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2 May 2012 | Congo

Ex-rebel chief Ntaganda behind clashes: DR Congo governor

Soldiers of the Democratic Republic of Congo Armed Forces stand outside a general's residence in Goma.  By Phil Moore (AFP/File)
Soldiers of the Democratic Republic of Congo Armed Forces stand outside a general's residence in Goma. By Phil Moore (AFP/File)

GOMA, DR Congo (AFP) - A top Congolese official on Wednesday blamed ex-rebel leader Jean Bosco Ntaganda for recent clashes between the army and forces loyal to the general in the east of the country.

"The Congolese government has asked me to communicate the following -- everything that is happening currently in Masisi is under the responsibility of General Bosco Ntaganda and he should be sought for that," said Julien Paluku, governor of Nord-Kivu, where the Masisi region is located.

"If our units catch hold of him, he will have to answer for all his actions before Congolese jurisdictions," the governor said, adding that even if it takes "a war" to do so, "we will do it."

"We have established a link between Bosco Ntaganda and the FDLR," he said, referring to the rebel group Democratic Forces for the Liberation of Rwanda, a major source of instability in the region.

"We have caught a FDLR element in Kidumba who respond to the name of Emmanuel Ndirenganya, who wanted to attack this area and who is fighting on the side of Major Gasore, someone close to Bosco Ntaganda," he explained.

Ntaganda told AFP on Tuesday that he was "not involved in the clashes pitting the FARDC (regular army) against the soldiers who defected."

The Ntaganda-led National Congress for the Defence of the People (CNDP) rebel group was integrated into the Congolese national army in 2009 following a peace deal.

Before it signed the deal, the CNDP fought government forces in the chronically-troubled Nord-Kivu and at one stage threatened to capture the regional capital Goma.

Congolese President Joseph Kabila has been under pressure to arrest Ntaganda, who was indicted on war crimes charges by the International Criminal Court in 2006 for using child soldiers.

But the government had countered that Ntaganda's cooperation was needed to stabilise the war-ravaged east.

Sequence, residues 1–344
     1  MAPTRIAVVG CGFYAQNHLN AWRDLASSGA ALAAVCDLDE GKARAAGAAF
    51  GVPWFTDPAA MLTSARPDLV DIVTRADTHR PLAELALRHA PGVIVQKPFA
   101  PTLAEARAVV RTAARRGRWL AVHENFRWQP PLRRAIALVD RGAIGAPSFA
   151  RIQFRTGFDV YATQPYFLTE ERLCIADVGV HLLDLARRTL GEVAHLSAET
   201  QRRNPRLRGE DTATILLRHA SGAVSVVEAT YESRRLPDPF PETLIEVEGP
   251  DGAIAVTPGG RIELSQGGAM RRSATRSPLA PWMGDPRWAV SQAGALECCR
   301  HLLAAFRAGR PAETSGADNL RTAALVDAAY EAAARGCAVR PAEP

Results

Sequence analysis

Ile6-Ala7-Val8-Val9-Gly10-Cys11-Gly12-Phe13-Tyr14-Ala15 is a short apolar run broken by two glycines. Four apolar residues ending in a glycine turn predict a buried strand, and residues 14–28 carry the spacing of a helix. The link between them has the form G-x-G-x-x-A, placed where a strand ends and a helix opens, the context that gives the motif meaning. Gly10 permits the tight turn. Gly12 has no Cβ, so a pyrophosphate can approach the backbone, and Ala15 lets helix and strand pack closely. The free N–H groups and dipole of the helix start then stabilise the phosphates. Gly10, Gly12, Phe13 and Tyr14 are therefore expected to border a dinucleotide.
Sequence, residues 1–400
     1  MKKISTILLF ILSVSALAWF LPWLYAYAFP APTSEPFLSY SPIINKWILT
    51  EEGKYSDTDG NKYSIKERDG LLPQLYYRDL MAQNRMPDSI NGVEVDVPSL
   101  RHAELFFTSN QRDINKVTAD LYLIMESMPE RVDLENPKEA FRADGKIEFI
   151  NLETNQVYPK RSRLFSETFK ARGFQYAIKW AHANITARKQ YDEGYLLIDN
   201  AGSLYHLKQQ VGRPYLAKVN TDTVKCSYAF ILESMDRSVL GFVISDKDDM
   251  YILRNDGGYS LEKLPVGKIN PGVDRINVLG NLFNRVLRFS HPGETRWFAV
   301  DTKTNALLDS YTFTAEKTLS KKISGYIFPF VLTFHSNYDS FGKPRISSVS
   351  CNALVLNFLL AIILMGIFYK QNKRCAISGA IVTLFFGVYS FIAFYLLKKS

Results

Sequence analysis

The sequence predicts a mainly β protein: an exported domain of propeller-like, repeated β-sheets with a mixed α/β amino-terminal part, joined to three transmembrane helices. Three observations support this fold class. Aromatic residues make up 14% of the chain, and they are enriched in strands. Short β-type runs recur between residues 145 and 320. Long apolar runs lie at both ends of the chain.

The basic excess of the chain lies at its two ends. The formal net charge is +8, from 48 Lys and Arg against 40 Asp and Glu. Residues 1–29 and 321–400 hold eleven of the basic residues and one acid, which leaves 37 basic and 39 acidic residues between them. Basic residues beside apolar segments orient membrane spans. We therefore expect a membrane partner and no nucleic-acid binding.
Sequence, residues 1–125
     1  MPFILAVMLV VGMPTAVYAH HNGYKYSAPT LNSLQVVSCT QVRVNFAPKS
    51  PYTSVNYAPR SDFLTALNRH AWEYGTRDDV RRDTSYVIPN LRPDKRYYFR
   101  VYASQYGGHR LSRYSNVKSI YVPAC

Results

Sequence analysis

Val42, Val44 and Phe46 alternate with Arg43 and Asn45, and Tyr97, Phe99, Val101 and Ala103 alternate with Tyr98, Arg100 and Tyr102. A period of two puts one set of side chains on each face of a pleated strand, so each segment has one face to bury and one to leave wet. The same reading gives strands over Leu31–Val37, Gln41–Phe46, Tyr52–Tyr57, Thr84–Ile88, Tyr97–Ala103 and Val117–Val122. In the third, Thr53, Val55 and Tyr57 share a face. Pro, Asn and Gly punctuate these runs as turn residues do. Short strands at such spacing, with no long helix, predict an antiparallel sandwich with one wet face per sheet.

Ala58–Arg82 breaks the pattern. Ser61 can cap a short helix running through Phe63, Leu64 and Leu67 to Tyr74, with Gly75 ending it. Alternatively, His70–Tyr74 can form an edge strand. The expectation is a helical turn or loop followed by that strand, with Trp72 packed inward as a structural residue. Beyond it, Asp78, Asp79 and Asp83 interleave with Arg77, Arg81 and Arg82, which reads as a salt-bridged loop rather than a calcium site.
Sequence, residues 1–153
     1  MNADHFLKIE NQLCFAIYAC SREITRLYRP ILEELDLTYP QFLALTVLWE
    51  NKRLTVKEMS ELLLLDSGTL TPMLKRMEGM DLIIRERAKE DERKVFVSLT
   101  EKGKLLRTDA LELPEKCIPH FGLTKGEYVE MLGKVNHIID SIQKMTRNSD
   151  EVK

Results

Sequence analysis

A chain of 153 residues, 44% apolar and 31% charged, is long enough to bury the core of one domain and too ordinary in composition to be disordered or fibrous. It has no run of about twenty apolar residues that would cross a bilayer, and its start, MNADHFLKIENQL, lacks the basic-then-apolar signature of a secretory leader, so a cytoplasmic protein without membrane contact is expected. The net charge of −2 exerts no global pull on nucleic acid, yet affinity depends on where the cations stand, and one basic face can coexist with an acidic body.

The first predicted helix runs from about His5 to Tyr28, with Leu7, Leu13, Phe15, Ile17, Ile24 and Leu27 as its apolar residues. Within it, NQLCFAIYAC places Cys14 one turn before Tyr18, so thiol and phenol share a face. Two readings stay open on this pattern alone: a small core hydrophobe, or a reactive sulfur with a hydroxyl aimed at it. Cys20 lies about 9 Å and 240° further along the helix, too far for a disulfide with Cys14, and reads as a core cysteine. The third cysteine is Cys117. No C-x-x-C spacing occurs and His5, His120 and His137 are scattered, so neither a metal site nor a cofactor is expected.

In April, a group of several hundred CNDP loyalists, including roughly a dozen senior officers, defected, citing unpaid salaries and inhumane living conditions among other complaints.

Some of the defectors attacked army troops on Sunday at Mwesa in the volatile Nord-Kivu province, which borders Rwanda, and clashes have continued in the surrounding areas.

The defectors have also joined forces with the Mai Mai militia which was accused of mass rapes of almost 400 people in the area in 2010.

Amnesty International said it has learnt that at least three women were killed on Monday in the town of Ngungu on Monday, but warned that the actual toll "may well be higher."

It also said the deserters were trying to recruit child soldiers.

"At least four children and seven young adults from the towns of Ngungu and Kitchanga have sought protection with the UN peacekeeping force MONUSCO, claiming they were threatened by soldiers who wanted to recruit them," said the rights group.

"The escalating violence in the DRC is deeply alarming and all parties to the conflict must ensure that civilians are not caught in the crossfire," said Paule Rigaud, Amnesty International's Deputy Programme Director for Africa.

"All sides should abide by international humanitarian law, in particular the prohibitions of indiscriminate attacks and the recruitment of child soldiers."

Kigali said Wednesday that more than 2,800 people had fled to Rwanda.

Eastern DR Congo has been the scene of rolling conflict since 1997, when rebels backed by Rwanda and Uganda invaded from the east and ultimately toppled Mobotu Sese Seko's dictatorship.